Blogging for gun safety reform and changing the conversation about the role of guns and gun violence in our communities. Common sense gun laws and gun safety reform and gun rights are not mutually exclusive.
Brady has started a podcast to highlight the voices and the programs of gun violence prevention. It’s a good way to get the word out to those who support changing the law and the conversation around the role of guns and gun violence in our society. I was honored to be one of the first voices to be able to speak about my story and my experiences over the years. There have been many. You can listen to my voice here.
But let me summarize a bit of what I said:
I have a story to tell and so do the thousands and thousands of other victims and survivors. Domestic shootings take the lives of too many women every day so my story is the story of many.
Telling our stories is important because it makes the deceased victims come “alive” and “tell their stories” so that the public and politicians can better understand the devastation to families and communities from gun violence.
Understanding how devastating it is for families to experience the sudden, unexpected and violent death of a loved one from bullets will lead to the changes we deserve to keep us all safer.
Many of us in the movement of gun violence prevention have worked for decades to stop bad bills promoted by the corporate gun lobby, advocate for bills to prevent some of the shootings and in many cases to help pass common sense bills that save lives. We know they save lives because we have the numbers to show it.
After the Sandy Hook shooting, other groups formed and helped to advocate for sensible gun laws and have added their voices and visibility in state houses and Congress.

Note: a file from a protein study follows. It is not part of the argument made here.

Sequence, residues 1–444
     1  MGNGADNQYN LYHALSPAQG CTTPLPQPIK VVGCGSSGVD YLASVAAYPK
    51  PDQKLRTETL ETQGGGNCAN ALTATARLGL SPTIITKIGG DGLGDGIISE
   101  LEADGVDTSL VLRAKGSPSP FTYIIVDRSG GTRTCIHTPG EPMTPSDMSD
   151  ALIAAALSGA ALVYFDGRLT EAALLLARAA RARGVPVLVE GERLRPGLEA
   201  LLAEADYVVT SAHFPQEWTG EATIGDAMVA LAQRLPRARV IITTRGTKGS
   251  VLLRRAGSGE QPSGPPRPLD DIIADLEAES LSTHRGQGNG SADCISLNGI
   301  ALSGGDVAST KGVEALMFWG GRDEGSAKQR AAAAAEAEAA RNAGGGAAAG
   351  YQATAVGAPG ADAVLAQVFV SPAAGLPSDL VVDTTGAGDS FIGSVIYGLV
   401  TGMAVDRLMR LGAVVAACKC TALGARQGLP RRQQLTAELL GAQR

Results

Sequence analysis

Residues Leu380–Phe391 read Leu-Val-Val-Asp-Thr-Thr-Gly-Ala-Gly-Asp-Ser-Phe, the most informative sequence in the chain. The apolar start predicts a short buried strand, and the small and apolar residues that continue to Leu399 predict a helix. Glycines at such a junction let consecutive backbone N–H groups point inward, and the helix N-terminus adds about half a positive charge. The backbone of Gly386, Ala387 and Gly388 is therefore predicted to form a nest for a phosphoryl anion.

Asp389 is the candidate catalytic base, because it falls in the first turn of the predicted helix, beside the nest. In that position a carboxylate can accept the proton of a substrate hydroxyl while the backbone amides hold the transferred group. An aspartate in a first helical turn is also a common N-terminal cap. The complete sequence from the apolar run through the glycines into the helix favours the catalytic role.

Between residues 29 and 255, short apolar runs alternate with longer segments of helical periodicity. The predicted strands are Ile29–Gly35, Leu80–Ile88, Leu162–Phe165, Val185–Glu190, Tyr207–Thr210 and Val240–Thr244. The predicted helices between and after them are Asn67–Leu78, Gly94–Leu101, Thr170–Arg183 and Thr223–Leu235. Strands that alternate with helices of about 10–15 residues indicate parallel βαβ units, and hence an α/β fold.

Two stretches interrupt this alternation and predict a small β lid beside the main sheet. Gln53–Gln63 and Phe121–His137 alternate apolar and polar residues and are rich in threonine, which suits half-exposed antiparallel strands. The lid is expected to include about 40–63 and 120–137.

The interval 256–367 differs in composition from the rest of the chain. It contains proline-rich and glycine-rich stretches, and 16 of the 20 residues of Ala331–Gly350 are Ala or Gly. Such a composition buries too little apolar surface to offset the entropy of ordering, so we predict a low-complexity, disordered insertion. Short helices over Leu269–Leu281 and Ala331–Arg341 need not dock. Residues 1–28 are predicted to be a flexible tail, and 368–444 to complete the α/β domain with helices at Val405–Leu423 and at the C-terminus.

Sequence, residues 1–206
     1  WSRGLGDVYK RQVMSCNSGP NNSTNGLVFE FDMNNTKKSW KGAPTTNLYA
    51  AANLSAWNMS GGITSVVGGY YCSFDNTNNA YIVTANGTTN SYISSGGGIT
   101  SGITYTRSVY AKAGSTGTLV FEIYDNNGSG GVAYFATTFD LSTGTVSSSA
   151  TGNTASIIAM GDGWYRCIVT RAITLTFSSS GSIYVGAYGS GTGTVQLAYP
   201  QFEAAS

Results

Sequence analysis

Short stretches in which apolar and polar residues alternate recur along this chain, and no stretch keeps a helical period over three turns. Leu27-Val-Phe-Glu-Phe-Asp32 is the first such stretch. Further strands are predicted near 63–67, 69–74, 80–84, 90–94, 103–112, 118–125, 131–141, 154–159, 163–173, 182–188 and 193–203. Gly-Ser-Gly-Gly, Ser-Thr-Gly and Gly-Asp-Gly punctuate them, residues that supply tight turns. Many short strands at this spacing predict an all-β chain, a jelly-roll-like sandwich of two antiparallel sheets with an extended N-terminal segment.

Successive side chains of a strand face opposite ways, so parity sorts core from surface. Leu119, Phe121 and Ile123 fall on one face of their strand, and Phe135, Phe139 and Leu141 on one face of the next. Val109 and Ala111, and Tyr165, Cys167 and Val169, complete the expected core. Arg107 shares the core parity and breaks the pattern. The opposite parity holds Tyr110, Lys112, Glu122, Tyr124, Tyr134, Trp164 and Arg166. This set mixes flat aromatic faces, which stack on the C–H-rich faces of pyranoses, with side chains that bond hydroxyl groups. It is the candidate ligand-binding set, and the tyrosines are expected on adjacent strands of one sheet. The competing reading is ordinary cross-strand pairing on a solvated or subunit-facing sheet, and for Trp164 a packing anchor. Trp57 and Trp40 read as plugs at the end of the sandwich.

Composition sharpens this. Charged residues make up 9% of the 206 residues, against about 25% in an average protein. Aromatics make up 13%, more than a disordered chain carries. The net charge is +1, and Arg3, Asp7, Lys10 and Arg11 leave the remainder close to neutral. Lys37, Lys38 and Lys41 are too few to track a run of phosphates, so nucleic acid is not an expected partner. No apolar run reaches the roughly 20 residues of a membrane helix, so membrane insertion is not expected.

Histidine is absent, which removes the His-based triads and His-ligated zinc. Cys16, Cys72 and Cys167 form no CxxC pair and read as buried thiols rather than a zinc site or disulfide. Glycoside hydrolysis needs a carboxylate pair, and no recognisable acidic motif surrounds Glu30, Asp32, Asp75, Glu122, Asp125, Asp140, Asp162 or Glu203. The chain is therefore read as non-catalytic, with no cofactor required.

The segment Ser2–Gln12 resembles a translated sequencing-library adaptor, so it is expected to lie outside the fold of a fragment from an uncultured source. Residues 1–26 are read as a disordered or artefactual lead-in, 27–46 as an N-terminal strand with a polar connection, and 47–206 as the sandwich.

What seems to have made the biggest change is what happened with the student voices after the shooting in Parkland, Florida. Those kids have been relentless and powerful and have given those of us involved for so many years new ways to talk about gun violence prevention. I admire those youthful voices and have come to know them well in my own community.
In Minnesota we have had ups and downs since our chapter formed in 2000 after the Million Mom March. After the passage of the conceal and carry law in Minnesota and the federal sunsetting of the assault weapons ban in 2004 in close proximity, some of the air went out of our balloons. But we have picked up and carried on and stopped some bad bills. We now have new focus after our House passed the background check and Extreme Risk and Protection Order bills in the last session. We will push hard to get them passed in the state Senate in the upcoming session. Senators will have to explain why they would be against bills that would not take away the rights of “law abiding” gun owners. Gun rights and gun violence prevention are not mutually exclusive.
Our country is suffering from PTSD from all of the mass shootings taking place on a regular basis. Our kids certainly are negatively affected by the shootings and sometimes get killed by school shooters. School active shooter drills are causing more distress and anxiety for our kids. We should question some of the programs used and focus on where the shooters get their guns so we can stop them. In the majority of school shootings, the guns come from the home of the shooter. It’a a no brainer to lock guns away safely from the hands of kids, teens and those who might steal them to be used in a gun crime.
One of my heroes in the movement is Sarah Brady who served on the Brady board for part of my terms as a board member. She was a feisty woman whose opinions were made known at meetings. She worked hard with her husband Jim to get the Brady background check bill passed and for that, we are all safer.